President Joko “Jokowi” Widodo has acted to end efforts to extend his time in office beyond his constitutionally mandated two-term limit. In a cabinet meeting on 11 April – the day before planned massive student protests against the proposals – Jokowi ordered his ministers to stop advocating for extending his term limit or postponing the 2024 Presidential Election.
While many observers have concluded that Jokowi’s strong stance has finally put the issue to bed, there is no guarantee that his ministers and political parties will heed his call. Indonesian oligarchs have a major interest in keeping Jokowi in power for as long as possible: maintaining the material benefits they have enjoyed during his presidency.
And even if Jokowi’s orders to cabinet are the end of the matter, the fact that discussions got this far is a serious warning about the extent to which Indonesian democracy has been hijacked on Jokowi’s watch by political and business elites.
Debunking the narratives
Supporters have relied on a number of flimsy arguments for extending the presidential term limit or postponing the elections: Jokowi needs more time to manage the ongoing Covid-19 pandemic; it will promote economic recovery; and it will let the government complete development plans delayed because of the pandemic. Apparently even global instability resulting from Russia’s attack on Ukraine has become an excuse to extend Jokowi’s time in office.
Whatever the reason, extending the presidential term limit can only be done “legally” through constitutional amendment. But doing so would still be wrong, no matter how the proponents try to rationalise it. Even the most conventional reading of constitutional amendment theory maintains that extending the presidential term is off-limits. Constitutional amendment should aim to limit power, not extend it, particularly in Indonesia.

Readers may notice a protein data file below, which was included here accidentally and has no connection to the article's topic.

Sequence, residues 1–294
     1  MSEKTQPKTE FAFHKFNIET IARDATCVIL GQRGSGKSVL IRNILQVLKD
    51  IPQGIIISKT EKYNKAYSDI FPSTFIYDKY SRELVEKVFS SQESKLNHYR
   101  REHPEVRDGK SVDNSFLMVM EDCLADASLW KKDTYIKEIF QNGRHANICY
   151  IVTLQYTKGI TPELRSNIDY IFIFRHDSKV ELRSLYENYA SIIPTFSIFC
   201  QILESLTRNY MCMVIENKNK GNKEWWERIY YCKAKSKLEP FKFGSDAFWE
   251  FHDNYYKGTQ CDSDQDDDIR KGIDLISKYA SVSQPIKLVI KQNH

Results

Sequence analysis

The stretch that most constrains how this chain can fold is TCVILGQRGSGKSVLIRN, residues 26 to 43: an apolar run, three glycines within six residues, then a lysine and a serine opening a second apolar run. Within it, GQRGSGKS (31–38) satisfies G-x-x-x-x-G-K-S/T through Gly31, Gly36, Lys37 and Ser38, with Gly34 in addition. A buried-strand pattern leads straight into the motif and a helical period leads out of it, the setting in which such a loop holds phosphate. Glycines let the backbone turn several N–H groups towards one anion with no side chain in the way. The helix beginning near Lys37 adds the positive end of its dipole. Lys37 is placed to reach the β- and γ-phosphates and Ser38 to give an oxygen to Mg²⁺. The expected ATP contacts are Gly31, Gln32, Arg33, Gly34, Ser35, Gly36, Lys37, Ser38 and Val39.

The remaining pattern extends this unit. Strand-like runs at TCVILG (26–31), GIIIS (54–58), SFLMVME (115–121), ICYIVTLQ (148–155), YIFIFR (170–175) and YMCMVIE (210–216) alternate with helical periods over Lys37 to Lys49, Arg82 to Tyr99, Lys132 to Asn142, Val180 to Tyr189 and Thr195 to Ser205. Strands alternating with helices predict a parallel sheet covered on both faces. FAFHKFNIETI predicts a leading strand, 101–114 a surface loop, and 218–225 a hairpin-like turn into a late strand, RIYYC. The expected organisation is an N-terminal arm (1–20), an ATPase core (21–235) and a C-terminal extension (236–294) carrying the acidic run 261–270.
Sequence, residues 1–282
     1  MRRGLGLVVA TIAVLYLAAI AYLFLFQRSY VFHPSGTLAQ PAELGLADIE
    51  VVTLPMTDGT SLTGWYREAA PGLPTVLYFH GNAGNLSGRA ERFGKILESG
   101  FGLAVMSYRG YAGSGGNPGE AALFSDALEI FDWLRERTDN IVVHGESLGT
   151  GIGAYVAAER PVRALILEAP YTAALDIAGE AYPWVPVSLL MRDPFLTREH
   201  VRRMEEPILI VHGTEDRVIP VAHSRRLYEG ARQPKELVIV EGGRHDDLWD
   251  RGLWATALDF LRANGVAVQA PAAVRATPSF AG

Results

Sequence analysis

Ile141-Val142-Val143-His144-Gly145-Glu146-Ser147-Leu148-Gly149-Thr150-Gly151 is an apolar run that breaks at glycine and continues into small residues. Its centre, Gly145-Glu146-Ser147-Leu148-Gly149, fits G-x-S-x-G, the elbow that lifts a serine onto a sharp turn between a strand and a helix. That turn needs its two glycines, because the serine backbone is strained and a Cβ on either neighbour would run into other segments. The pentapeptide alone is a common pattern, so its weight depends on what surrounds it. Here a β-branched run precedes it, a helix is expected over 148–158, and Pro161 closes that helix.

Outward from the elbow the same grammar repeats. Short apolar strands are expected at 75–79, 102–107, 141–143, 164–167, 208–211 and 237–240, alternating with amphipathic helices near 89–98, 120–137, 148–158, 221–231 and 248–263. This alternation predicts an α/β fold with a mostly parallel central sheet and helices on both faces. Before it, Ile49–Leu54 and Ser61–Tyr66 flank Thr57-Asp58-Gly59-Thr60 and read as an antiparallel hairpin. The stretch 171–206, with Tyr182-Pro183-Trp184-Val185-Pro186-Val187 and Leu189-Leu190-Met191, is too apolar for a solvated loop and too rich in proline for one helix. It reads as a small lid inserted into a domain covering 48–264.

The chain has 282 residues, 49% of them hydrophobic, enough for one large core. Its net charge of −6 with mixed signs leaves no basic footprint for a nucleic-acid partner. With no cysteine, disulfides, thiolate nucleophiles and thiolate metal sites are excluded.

Rewriting the 1945 Constitution was one of the central demands of the reformasi movement that toppled Soeharto in 1998, to ensure that the excesses of his New Order regime would not happen again. The four-year constitutional amendment process that began in 1999 resulted in the separation of powers, the removal of the military from politics, the introduction of free elections, strong protections of human rights, dismantling of the New Order’s highly centralised system of rule, and perhaps most importantly, a two-term limit on presidential terms, to prevent the return of another dictator.
Given Indonesia’s dark history, the presidential term limit was a core post-Soeharto reform. Amending the constitution to extend the presidential term limit should be considered a constitutional taboo that can never be broken.
To understand why oligarchs have been so blatant in their efforts to amend the constitution and violate the mandate of reformasi, it is important to take a closer look at their interests.
Prominent scholar of oligarchy Jeffrey Winters defines oligarchs as actors with significant concentrations of material resources, which they use to defend or increase their wealth and their exclusive standing in society. In short, oligarchs operate through the logic of “wealth defence”. They do this through the effective control (directly or indirectly) of political parties, law enforcement, media, and government.
The Jokowi administration has provided many benefits to oligarchs, so naturally they see change in power as potentially hindering their wealth accumulation. Significant deregulation policies enacted during Jokowi’s presidency, such as the controversial Omnibus Law on Job Creation, have greatly benefited Indonesian oligarchs and will allow them to amass more wealth at the expense of human rights and environmental protection.